Peace puppets get to the heart of theater's mission

Puppeteer and puppet
Masanari Kawahara, creator and puppeteer, practices with his main character Thich Nhat Hanh. "A Path Home: A Story of Thich Nhat Hanh" is a new performance from In the Heart of the Beast Puppet and Mask Theatre.
MPR Photo/Laura Gill

The story of a simple monk trying to promote peace during the Vietnam war might seem an unlikely subject for a puppet show. Yet the performers in "A Path Home" at the In the Heart of the Beast Puppet and Mask Theater say in many ways, their show gets to the very roots of what they do as an organization.

"A Path Home" tells the story of Thich Nhat Hanh, a Buddhist monk and peace activist who founded what became known as the "Engaged Buddhism" movement.

After experiencing the horrors of the Vietnam war, he moved to the United States to try to persuade the U.S. to withdraw from his homeland. Martin Luther King, Jr., nominated Hanh for the Nobel Peace Prize in 1967.

It's a story which has inspired many people over the years, including Minneapolis performer Masanari Kawahara.

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"I decided to use his story as a puppet show," said Kawahara.

In a workshop at the Heart of the Beast theater on Lake St. in Minneapolis, Kawahara is working with musician Matt Larsen. There's a small set which is perhaps eight feet wide.

Masanari Kawahara
Masanari Kawahara works with the puppets in "A Path Home."
MPR photo/Laura Gill

Kawahara rehearses a scene where Hanh talks about a nun who set herself on fire to protest the war. The puppets are simple figures which come to life just by the way he lifts and moves them.

The action on stage unfolds under the attentive gaze of Sandy Spieler, the director of "A Path Home."

"The movement is incredibly subtle," she said. "It's small. It's meditative."

It was Spieler who brought Kawahara to Heart of the Beast after she saw his first ever puppet show.

"I didn't know anything about puppets, but I tried it anyway," he said with a smile.

"What I saw in Masa was an open spirit, and that kind of ability to crawl into the skin of another."

Spieler knew Kawahara as an actor. Originally from Hiroshima in Japan, he'd worked with Theater Mu and Theater de la Jeune Lune.

"I was really interested in having someone who was a performer," Spieler said.

Spieler saw his performance skills as a valuable addition to the people already in the company.

"Many, many people who enter our work enter as visual artists. And what I saw in Masa was an open spirit, and that kind of ability to crawl into the skin of another," she said.

Which is, of course, the essence of a puppeteer.

That was 11 years ago, and Kawahara has since become a mainstay of Heart of the Beast. A couple of years ago he co-created "Gotama," a popular puppet play about the life of Buddha.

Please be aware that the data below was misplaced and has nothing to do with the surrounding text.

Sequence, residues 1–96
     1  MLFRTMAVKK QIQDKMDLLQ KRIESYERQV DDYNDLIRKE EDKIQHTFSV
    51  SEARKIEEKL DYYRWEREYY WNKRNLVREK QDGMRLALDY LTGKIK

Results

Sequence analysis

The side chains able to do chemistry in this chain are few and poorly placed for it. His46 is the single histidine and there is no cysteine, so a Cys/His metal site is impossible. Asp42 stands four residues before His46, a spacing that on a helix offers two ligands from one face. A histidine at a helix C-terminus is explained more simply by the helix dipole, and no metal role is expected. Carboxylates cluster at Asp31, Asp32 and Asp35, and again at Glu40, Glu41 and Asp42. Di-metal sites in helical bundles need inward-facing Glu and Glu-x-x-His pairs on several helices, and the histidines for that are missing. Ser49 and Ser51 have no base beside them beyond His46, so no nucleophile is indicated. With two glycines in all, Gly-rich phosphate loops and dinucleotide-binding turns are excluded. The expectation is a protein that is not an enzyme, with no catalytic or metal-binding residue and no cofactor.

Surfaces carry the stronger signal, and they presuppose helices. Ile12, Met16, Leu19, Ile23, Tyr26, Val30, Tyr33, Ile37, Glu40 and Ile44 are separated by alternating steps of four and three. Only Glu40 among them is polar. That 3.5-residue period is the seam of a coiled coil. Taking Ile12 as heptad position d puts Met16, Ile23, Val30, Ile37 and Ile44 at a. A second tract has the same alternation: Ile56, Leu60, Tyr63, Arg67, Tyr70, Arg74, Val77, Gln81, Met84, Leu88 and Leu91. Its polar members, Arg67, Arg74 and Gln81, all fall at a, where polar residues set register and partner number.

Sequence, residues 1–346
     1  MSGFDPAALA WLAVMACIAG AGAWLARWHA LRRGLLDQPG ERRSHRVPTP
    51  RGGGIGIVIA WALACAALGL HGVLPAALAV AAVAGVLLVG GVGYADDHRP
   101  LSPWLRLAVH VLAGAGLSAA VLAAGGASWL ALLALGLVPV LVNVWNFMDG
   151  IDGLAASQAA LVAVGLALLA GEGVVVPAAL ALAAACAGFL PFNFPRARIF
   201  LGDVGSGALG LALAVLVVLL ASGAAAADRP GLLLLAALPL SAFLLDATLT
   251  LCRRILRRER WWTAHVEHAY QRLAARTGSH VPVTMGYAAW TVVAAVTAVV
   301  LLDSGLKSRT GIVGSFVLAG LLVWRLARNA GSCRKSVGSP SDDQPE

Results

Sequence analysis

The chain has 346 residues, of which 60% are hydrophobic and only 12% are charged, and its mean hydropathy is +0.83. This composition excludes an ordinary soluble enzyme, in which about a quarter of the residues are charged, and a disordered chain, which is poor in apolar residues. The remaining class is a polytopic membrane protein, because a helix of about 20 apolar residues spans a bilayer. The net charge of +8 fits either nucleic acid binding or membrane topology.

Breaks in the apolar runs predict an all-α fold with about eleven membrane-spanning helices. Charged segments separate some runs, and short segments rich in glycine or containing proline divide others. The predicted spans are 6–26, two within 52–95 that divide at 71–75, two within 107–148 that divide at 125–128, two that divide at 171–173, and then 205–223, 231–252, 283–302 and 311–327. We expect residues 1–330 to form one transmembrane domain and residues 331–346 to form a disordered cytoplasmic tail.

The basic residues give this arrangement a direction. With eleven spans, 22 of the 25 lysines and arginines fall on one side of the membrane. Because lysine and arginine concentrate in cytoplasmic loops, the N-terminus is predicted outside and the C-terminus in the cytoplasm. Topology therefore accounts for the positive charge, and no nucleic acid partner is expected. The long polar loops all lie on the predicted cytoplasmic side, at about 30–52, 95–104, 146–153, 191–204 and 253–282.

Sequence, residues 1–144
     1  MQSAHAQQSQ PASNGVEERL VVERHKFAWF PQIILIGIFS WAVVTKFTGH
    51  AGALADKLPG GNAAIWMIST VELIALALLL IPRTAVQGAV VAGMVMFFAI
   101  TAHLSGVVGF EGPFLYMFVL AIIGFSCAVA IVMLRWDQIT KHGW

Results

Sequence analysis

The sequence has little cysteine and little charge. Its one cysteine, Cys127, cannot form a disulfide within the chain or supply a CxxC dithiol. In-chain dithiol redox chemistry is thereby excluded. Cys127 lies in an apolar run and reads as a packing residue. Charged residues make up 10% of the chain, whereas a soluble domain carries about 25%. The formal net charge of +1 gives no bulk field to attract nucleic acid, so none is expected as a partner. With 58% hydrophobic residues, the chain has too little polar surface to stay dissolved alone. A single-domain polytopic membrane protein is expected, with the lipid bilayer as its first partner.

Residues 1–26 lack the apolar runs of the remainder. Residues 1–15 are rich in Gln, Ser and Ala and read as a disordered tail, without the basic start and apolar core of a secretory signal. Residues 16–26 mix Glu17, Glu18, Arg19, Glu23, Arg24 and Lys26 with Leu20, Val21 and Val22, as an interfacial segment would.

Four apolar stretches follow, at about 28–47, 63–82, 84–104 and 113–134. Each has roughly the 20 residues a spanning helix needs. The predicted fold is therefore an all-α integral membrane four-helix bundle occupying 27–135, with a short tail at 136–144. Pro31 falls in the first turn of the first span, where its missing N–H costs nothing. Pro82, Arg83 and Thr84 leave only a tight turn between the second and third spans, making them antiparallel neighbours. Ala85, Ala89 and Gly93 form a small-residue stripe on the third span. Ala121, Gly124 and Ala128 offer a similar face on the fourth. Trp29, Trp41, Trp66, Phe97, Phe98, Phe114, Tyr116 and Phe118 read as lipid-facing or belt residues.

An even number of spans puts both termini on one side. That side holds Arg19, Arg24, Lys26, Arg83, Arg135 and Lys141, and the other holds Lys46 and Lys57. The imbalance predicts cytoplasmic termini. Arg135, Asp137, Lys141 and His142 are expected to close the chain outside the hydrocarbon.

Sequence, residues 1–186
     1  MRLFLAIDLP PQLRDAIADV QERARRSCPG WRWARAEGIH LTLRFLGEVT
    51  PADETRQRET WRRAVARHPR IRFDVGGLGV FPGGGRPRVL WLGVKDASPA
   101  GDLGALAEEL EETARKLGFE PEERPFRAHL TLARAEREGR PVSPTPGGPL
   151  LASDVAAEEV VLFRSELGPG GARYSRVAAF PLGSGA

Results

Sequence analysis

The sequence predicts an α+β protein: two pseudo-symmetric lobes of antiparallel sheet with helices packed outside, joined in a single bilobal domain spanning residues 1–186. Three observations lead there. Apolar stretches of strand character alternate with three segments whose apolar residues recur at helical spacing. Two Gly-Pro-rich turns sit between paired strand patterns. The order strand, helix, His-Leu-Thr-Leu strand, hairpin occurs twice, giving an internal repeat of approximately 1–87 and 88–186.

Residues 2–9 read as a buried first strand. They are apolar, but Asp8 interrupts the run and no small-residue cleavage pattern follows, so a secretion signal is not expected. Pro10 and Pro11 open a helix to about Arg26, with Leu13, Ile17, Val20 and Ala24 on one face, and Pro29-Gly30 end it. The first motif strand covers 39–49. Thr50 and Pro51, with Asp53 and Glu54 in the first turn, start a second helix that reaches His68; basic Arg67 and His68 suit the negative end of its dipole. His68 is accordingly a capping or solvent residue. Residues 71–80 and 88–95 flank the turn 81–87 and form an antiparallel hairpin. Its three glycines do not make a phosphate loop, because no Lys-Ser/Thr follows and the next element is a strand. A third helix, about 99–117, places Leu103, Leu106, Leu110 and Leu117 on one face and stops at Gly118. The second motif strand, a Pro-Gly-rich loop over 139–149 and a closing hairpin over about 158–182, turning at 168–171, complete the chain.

For "A Path Home," Kawahara immersed himself for months in the many books of Thich Nhat Hanh. He then began to experiment, making puppets, mostly out of paper, and developing the script.

What he's created is very powerful. Using simple cardboard shapes and a guitar played with a bow by musician Matt Larsen, he portrays an unsettling scene of carpet bombing.

Stage view
Musician Matt Larson watches as Masanari Kawahara sets up a scene for "A Path Home."
MPR photo/Laura Gill

Kawahara and Spieler say "A Path Home" fits well with the social activism of Heart of the Beast, which is best known for its huge annual May Day Parade.

Spieler says over the years, the company has often referred to the teachings of Thich Nhat Hanh. They hope the play will resonate with members of the local Buddhist community, but Kawahara believes it will also touch people with no knowledge of Thich Nhat Hanh.

They will find out over the next three weeks as they present the show at their Lake Street theater.

Star Tribune theater critic Graydon Royce says Heart of the Beast has been adept at drawing audiences over the years.

"They are very much, I think, wedded to the idea that if you do the right kind of work, magic will happen and people will come," Royce said.

Royce says the theater knows its south Minneapolis community well, and wears its political heart on its sleeve.

"Because of that, I think they hit a nerve or a vein of people who in many ways feel kind of excluded by the mainstream of theater, and that's a significant number of people," said Royce.

After the run, Masanari Kawahara says he hopes to make the show available to anyone who is interested, including schools and prisons. He says the set is designed to fold up into his Suburu wagon -- although he hasn't actually tried it yet.